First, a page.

Oscar Ugarteche, principal researcher at the National Autonomous University of Mexico's Economic Research Institute, cautioned that the CCTs cannot be seen as a solution to multiple problems. "Cash transfers of $30 or $50 are not going to have an impact if they are not accompanied by quality education and structural changes that make it easier for people to set up micro-enterprises or small businesses. It these problems simply give out cash, they will create the same kind of poverty trap that the welfare system created in the United States," said Mr. Ugarteche.

There are also fears that the program could have a short life because of the change in national leadership in just a few months. The Rev. Gaston Garatea, a Catholic priest who is part of an independent oversight board for Juntos, said the worst thing that could happen is for the program to die after Mr. Toledo, who cannot seek re-election, leaves office in July 2006.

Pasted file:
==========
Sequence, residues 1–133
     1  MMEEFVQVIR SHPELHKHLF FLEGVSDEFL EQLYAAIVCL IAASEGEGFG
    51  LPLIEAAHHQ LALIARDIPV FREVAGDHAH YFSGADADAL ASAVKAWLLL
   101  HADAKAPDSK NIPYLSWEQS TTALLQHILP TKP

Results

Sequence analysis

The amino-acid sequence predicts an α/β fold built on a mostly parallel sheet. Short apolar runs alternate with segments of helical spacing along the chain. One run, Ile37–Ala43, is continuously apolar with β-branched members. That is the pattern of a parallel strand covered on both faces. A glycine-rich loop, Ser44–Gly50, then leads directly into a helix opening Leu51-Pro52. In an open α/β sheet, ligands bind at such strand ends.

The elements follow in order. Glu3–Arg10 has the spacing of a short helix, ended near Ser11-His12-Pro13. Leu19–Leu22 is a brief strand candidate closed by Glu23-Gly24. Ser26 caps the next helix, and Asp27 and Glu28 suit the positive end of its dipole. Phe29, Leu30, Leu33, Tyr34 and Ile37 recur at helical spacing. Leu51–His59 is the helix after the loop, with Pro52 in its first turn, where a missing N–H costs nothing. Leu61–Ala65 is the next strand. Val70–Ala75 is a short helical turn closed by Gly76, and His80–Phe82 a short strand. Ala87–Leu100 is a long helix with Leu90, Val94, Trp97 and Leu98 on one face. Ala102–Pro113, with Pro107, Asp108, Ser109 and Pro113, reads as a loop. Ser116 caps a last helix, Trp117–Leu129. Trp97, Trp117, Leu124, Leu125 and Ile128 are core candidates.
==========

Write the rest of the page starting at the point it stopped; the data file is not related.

"The one thing that is clear is that this program cannot last a year or two, but must remain in place for at least a decade if we hope to see results," said Rev. Garatea.

Mr. Velasquez said that while he welcomes criticism because it will help refine the program as it develops, many of the concerns are overblown.

"Juntos is a program of the Peruvian state and not the Toledo administration," he said. "This is a dynamic program, but it will be under constant review make changes as necessary."